How to Qualify for a Mortgage in 2016
Is buying a home one of the New Year’s resolutions that you’d actually like to keep in 2016? If so, the odds are that you’ll need to qualify for a mortgage.
Fortunately, there are several steps that you can take to make yourself a more attractive borrower and nab that mortgage approval this year.
Put down more
Many buyers struggle to come up with enough funds for a down payment. But Sissy Lapin, co-founder of Houston-based ListingDoor.com, says that you'll increase your odds of qualifying for a mortgage if you can come up with a larger down payment.
That's because mortgage lenders believe that homeowners are less likely to walk away from their loans if they've already invested more in their properties. By putting up a larger down payment, buyers have what lenders call "more skin in the game."
A larger down payment can also save you money by helping you avoid private mortgage insurance, an insurance that protects lenders but for which you pay each month. If you put down at least 20 percent of your home's purchase price, you can avoid private mortgage insurance on conventional -- loans not insured by the federal government -- mortgages.
"Higher down payments are always better," Lapin said. "They will vastly decrease your expenses in the long run."
Lapin recommends that you put at least 10 percent down to make yourself a more attractive borrower. If you can come up with a down payment of 20 percent? That's even better, she said.
Don't try to buy a home that's too expensive
Mortgage lenders ideally want your total monthly expenses, including your estimated new mortgage payment, to equal no more than 43 percent of your gross monthly income. If you want a home that's too expensive, your debt-to-income ratio might soar past that target market.
Lenders aren't shy about rejecting borrowers whom they worry won't be able to afford their new mortgage payment. That's why it's important to be realistic when seeking a mortgage: Don't try to finance a $300,000 home if you need a $200,000 home to stay under that 43 percent ratio.
Michael Smalling, mortgage loan offer with the Brentwood, Tennessee, office of F&M Bank, said that buyers shouldn't blindly follow the 43 percent rule, though. Some buyers might not be financially comfortable with debts that equal that much of their gross monthly income. Those buyers should look for a home that leaves them with an even lower debt-to-income ratio.
You might, for instance, be more comfortable with a mortgage payment that leaves you with a monthly debt-to-income ratio of 36 percent instead of 43 percent.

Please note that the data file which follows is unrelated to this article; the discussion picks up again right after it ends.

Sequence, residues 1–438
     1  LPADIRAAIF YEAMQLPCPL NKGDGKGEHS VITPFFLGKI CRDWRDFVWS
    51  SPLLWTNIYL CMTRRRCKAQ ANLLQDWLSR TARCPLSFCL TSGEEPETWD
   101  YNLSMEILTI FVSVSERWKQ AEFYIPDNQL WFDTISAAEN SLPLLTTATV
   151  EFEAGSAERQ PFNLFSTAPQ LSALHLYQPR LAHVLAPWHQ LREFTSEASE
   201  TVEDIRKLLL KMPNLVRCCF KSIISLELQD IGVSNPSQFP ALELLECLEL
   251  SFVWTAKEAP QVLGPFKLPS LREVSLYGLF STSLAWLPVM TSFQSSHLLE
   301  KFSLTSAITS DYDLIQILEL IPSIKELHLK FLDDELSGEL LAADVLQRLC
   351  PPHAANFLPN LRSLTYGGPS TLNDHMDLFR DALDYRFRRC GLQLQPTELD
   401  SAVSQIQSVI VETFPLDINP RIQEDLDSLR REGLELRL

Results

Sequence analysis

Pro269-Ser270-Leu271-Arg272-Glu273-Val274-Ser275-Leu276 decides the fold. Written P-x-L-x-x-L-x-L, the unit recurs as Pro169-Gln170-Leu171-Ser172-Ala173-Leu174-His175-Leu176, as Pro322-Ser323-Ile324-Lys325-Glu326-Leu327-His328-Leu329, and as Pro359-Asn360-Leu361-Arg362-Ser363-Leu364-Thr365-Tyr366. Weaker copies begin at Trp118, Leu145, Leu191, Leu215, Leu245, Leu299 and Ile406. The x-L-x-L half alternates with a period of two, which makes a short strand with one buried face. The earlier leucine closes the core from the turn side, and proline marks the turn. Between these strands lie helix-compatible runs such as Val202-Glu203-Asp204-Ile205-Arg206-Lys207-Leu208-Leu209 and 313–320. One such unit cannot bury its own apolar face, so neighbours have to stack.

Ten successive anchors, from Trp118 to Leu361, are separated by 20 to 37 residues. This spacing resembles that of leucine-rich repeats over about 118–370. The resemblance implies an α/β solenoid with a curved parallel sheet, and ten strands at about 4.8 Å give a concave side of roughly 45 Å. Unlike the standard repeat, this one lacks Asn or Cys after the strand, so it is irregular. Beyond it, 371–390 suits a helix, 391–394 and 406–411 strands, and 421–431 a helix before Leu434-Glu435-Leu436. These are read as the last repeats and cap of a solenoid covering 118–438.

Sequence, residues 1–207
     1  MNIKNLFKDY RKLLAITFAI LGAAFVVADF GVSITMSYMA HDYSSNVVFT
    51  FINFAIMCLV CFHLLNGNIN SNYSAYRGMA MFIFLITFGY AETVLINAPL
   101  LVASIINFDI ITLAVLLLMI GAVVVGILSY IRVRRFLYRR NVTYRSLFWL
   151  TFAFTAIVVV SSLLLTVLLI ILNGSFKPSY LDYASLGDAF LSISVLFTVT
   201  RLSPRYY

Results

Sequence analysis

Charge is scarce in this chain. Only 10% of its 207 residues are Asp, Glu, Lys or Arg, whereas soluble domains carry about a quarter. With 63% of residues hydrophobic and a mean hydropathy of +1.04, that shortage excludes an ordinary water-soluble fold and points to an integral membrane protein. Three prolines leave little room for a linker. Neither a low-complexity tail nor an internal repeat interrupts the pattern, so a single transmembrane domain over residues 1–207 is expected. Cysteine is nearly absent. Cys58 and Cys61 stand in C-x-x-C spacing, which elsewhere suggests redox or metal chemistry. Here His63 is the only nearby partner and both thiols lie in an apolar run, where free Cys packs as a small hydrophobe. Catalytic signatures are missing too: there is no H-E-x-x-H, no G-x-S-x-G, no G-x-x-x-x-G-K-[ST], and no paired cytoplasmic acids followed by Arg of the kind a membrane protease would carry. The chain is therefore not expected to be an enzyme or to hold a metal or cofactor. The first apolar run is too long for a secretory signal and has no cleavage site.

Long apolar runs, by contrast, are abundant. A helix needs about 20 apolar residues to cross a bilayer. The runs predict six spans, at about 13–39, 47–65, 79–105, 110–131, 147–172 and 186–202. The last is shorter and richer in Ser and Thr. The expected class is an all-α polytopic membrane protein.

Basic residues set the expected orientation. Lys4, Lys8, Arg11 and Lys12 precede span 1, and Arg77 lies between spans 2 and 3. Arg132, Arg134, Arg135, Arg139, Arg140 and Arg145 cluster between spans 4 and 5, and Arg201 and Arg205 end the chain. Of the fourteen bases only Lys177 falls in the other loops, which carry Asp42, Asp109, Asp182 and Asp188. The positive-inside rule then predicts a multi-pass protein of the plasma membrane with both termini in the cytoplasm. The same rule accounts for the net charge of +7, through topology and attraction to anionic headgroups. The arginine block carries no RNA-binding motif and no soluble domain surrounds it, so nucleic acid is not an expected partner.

The key, of course, is to create a budget before you go shopping for a home. Unfortunately, too many borrowers never do this, Smalling said.
"Like any other mortgage loan officer, I can easily tell a potential borrower, based on his financial information, whether or not he qualifies for a loan," said Smalling. "But it's a completely different issue as to whether or not the pending payment comfortably fits into a budget. The problem is that most people in general, homebuyers in particular, don't have a budget. Money simply comes in and goes out with the hope that there is more coming in than going out."
Improve your credit score
Lenders will be far more eager to work with you if you boast a high FICO credit score. That's because a high score indicates a history of paying your bills on time. This makes you less a risk in the eyes of lenders.
Kevin Gallegos, vice president at Freedom Financial in Phoenix, said that consumers should shoot for a FICO credit score of 740 or higher.
"And of course, the higher, the better," Gallegos said.
If your score is higher, not only will your odds of qualifying for a mortgage increase, the interest rates you'll pay on your mortgage debt will be lower.
Fortunately, you can improve a weak credit score. Pay all your bills on time and pay off as much of your revolving debt as possible. If you do pay off a credit card, keep it open. Closing unused credit-card accounts will actually cause your credit score to fall.
Boosting your score will take time, often months or even years depending on how low it is. But waiting until your score is higher might be the sound financial move, Gallegos said.
"It can be worth it to wait to apply for a home mortgage until you build up your credit profile and score," Gallegos said.
Hold onto that job
Lenders like to work with borrowers who have worked the same job, or at least in the same field, for at least two years. There’s a reason for this: Lenders think that such borrowers are less likely to lose their jobs, and their ability to pay back their mortgages.
To prove your employment history, you’ll need to show your lender a letter, written on company letterhead, signed by your supervisor or immediate boss. This letter should state your current position, how long you’ve worked with your company and your annual salary.
Don’t panic, though, if you’ve recently switched jobs or companies. If you have a high credit score and a low debt-to-income ratio, you can overcome a less stable job history.
Do the research first
It's fun to go out and look for houses. It's not as much fun to meet with loan officers to discuss whether your finances are strong enough to allow you to qualify for a mortgage.
But meeting with a loan officer before you start home shopping -- and getting pre-approved for a mortgage loan -- can make the buying process far simpler. For one thing, if a loan officer says that you can only qualify for a $175,000 mortgage, you won't waste time looking at $300,000 homes.
"Buying one's first home is one of the most important transactions of a lifetime," said Lauren Sugarman, associate partner with Los Angeles' Partners Trust. "It is important to speak to a lender before you start your home search, as things like paying off credit cards, opening and closing credit cards and even switching jobs can affect your credit score and ability to secure financing."